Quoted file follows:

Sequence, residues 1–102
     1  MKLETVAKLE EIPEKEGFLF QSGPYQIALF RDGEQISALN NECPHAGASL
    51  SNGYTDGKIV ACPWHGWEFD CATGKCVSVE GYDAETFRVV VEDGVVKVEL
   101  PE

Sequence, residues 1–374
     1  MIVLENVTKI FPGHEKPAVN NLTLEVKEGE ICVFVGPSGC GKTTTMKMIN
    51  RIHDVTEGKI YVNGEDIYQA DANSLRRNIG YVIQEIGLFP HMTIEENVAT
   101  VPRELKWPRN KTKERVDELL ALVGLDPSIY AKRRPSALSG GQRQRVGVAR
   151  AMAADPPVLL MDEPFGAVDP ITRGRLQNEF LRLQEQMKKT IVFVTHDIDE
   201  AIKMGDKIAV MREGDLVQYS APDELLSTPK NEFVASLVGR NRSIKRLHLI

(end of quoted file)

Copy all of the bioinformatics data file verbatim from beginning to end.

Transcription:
Sequence, residues 1–102
     1  MKLETVAKLE EIPEKEGFLF QSGPYQIALF RDGEQISALN NECPHAGASL
    51  SNGYTDGKIV ACPWHGWEFD CATGKCVSVE GYDAETFRVV VEDGVVKVEL
   101  PE

Sequence, residues 1–374
     1  MIVLENVTKI FPGHEKPAVN NLTLEVKEGE ICVFVGPSGC GKTTTMKMIN
    51  RIHDVTEGKI YVNGEDIYQA DANSLRRNIG YVIQEIGLFP HMTIEENVAT
   101  VPRELKWPRN KTKERVDELL ALVGLDPSIY AKRRPSALSG GQRQRVGVAR
   151  AMAADPPVLL MDEPFGAVDP ITRGRLQNEF LRLQEQMKKT IVFVTHDIDE
   201  AIKMGDKIAV MREGDLVQYS APDELLSTPK NEFVASLVGR NRSIKRLHLI